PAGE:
Faraday and Lenz’s Law

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Faraday’s Law of induction states that “The induced electromotive force in any closed circuit is equal to the negative of the time rate of change of the magnetic flux enclosed by the circuit.”
i.e if there is relative motion (or change in flux) between a magnet and a conductor, then an electromotive force (emf) is induced.LightningBoltGeneratesElectricity3
Lenz’s Law says that if an induced current flows, its direction is always such that it will oppose the change which produced it.

The importance of Lenz’s law
Set up an experiment where the north pole of bar magnet is moving into a coil. As there is relative motion between the magnet and the conductor (the coils), an emf is induced by Faraday’s Law. Lenz’s law tells us that the induced emf will flow to oppose the change in flux that induced it, thus it would flow anticlockwise as viewed from the magnet. Now let us consider if the induced current flowed clockwise!

IF the induced current flowed clockwise then the coil would form a south pole (at the end the magnet is entering), and thus attracts the bar magnet, accelerating it. As the bar magnet increases in velocity, so does the magnitude of induced emf, and again it accelerates the bar magnet further. This clearly violates the law of conservation of energy as kinetic energy and electrical energy is being created. That is why induced emf MUST oppose the change in flux that induced it, otherwise it would violate one of the most fundamental laws of physics!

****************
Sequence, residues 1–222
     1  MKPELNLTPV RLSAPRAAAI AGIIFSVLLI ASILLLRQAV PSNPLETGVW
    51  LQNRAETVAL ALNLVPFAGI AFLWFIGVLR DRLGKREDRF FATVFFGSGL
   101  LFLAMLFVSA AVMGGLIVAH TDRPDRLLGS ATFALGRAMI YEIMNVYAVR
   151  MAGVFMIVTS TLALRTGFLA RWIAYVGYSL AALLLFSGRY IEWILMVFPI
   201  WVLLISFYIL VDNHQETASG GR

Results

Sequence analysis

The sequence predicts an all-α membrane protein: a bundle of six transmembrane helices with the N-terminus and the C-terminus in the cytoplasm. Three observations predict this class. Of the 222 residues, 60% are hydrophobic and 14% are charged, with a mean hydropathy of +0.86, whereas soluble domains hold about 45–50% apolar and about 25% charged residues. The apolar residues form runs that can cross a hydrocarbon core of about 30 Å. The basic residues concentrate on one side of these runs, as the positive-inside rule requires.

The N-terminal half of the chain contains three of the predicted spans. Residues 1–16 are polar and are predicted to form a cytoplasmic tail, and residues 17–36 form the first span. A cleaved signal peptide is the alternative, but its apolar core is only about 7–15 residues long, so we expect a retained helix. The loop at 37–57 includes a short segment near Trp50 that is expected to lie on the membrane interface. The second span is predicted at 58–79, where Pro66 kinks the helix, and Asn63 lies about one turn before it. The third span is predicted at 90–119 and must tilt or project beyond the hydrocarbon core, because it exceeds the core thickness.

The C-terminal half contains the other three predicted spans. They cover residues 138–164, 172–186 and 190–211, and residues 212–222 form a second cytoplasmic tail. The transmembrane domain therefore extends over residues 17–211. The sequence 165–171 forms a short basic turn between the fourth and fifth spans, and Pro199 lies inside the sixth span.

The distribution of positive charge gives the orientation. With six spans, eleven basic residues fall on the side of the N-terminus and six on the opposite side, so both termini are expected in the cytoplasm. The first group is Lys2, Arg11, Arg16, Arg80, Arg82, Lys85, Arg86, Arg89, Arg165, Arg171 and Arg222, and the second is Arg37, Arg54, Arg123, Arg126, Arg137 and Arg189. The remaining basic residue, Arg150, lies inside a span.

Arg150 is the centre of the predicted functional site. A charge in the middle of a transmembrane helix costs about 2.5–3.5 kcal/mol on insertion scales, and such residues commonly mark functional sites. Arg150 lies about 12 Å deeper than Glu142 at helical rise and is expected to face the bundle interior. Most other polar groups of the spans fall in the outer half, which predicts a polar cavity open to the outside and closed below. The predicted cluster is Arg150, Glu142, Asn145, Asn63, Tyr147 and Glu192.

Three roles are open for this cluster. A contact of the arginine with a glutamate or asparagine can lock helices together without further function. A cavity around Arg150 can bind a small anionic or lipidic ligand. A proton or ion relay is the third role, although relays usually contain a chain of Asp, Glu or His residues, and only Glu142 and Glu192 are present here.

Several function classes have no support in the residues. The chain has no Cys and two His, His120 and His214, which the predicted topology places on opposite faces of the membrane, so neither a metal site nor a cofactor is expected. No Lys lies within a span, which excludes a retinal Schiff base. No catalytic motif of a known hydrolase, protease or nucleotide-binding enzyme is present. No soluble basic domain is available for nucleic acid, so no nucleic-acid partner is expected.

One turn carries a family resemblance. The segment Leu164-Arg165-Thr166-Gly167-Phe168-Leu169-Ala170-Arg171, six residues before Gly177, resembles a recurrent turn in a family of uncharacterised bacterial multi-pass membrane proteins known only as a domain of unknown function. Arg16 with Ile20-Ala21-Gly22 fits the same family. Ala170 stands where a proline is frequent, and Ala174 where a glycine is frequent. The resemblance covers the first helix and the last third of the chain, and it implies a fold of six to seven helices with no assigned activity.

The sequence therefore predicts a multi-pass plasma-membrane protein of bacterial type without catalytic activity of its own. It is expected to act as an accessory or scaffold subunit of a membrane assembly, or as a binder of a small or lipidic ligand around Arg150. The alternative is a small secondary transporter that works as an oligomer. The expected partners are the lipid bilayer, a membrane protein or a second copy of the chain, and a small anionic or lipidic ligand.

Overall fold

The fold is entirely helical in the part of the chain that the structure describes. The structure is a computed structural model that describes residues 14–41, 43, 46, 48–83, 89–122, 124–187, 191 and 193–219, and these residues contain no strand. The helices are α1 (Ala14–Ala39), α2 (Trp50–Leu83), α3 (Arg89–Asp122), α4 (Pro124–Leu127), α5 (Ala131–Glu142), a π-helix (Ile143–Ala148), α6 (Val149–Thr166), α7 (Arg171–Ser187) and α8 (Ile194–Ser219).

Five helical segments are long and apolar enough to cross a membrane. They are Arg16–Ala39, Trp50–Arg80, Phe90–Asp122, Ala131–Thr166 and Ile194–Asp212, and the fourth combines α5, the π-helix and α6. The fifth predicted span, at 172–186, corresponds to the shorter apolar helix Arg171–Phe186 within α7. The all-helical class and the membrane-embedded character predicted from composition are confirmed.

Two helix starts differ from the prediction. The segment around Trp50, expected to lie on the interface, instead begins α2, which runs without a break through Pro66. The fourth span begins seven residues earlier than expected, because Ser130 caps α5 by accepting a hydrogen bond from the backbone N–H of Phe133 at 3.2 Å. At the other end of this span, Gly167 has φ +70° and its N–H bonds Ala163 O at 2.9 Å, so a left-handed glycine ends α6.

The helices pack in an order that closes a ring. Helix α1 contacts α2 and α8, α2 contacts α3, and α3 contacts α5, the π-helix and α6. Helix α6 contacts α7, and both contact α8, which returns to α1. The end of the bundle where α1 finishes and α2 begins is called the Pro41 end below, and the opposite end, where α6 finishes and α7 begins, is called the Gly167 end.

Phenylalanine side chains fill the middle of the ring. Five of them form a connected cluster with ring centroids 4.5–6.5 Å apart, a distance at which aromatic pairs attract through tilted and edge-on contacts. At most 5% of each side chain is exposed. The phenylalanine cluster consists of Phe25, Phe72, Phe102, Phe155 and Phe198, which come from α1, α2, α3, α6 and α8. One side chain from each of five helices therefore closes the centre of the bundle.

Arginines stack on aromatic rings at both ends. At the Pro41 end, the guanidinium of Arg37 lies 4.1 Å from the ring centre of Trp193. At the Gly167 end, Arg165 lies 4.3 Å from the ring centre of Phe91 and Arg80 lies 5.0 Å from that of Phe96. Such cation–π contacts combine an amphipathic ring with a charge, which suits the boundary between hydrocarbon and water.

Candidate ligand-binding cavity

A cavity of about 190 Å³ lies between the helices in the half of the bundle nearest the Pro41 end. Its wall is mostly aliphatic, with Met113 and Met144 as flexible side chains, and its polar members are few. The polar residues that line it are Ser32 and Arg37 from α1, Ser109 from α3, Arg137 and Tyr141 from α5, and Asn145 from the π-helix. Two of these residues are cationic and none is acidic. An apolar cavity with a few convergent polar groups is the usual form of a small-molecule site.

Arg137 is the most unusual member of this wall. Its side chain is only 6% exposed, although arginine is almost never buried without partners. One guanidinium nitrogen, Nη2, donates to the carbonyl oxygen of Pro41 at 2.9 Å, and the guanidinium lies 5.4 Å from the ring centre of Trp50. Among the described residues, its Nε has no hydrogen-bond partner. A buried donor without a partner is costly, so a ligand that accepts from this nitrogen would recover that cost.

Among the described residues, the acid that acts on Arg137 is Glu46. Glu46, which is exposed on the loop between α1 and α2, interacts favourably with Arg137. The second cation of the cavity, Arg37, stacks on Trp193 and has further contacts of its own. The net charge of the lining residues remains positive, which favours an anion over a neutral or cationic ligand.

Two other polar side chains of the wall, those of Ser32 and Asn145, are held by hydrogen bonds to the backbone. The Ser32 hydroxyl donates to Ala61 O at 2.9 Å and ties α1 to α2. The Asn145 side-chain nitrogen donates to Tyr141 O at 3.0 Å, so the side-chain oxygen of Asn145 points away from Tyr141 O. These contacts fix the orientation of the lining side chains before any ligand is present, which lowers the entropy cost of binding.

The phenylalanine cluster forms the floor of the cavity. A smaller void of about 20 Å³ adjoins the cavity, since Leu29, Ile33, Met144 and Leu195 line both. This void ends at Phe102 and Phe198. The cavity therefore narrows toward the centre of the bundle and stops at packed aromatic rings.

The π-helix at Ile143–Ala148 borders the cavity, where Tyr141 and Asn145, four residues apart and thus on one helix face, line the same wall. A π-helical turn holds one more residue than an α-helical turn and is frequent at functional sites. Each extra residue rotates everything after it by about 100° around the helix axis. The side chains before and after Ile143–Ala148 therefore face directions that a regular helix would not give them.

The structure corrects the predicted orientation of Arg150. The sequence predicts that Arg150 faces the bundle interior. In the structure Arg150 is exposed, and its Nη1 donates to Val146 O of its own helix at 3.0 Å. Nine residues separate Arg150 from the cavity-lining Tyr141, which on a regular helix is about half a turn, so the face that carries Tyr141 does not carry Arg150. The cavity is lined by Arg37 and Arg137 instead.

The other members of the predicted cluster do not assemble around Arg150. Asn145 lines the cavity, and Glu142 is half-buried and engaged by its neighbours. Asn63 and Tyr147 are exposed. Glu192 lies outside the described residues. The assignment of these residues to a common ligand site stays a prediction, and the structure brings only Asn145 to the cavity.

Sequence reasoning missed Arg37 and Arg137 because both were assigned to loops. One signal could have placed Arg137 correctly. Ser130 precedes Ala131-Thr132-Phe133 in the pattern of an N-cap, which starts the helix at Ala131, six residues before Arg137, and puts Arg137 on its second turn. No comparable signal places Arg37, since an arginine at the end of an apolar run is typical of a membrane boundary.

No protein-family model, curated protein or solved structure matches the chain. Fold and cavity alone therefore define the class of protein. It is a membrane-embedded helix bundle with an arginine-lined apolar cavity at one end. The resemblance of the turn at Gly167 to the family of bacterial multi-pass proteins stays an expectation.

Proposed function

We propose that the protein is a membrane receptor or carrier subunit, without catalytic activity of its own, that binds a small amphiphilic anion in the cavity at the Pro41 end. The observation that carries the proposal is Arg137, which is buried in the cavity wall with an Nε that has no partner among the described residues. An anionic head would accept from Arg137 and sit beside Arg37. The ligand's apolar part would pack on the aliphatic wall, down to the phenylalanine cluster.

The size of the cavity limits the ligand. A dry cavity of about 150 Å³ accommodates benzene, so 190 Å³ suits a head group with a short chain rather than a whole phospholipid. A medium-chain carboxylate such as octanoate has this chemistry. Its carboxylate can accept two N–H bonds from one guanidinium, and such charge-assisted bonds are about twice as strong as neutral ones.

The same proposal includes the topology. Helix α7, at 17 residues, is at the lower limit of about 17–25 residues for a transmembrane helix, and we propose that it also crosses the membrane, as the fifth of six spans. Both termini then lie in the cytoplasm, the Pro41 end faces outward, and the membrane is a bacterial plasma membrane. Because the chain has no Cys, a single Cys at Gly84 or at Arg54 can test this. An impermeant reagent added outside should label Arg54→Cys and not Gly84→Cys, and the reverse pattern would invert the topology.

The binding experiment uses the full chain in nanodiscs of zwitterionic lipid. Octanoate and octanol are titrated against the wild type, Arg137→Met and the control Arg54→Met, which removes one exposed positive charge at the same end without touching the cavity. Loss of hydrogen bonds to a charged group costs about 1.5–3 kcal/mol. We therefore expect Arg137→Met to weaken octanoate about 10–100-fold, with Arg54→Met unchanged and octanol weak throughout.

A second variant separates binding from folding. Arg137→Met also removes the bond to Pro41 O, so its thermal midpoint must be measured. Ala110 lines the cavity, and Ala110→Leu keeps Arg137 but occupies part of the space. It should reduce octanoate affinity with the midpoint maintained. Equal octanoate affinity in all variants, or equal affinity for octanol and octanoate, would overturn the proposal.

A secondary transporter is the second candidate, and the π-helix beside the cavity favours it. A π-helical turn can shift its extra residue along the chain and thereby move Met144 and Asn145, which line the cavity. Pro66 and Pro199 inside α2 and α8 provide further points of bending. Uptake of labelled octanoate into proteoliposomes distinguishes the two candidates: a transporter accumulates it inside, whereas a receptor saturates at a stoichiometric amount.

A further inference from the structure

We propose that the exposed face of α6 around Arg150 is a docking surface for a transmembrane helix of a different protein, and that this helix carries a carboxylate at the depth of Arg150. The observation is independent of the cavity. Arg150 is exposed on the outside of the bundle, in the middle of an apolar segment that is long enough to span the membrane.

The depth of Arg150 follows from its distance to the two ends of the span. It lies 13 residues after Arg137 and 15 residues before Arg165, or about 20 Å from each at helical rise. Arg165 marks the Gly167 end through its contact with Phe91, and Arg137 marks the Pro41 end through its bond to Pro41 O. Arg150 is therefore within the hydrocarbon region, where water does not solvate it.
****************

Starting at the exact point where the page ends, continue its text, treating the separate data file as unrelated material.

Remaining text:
Example:
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From the diagram, we can see a magnet moving towards a coil. By Faraday’s Law as there is a change in flux and relative motion between a magnet and a conductor, emf is induced. As it is a closed circuit, current is formed. This current will flow to oppose the change in flux that induced it by Lenz’s Law. Thus by using right hand grip rule, the current will flow anticlockwise as viewed from the magnet.

As the current will flow to oppose the change in flux that induced it, the current will induce a north pole at X, to repel the magnet. Using right hand grip rule, our thumbs point north and our fingers indicate the direction of current flow. 

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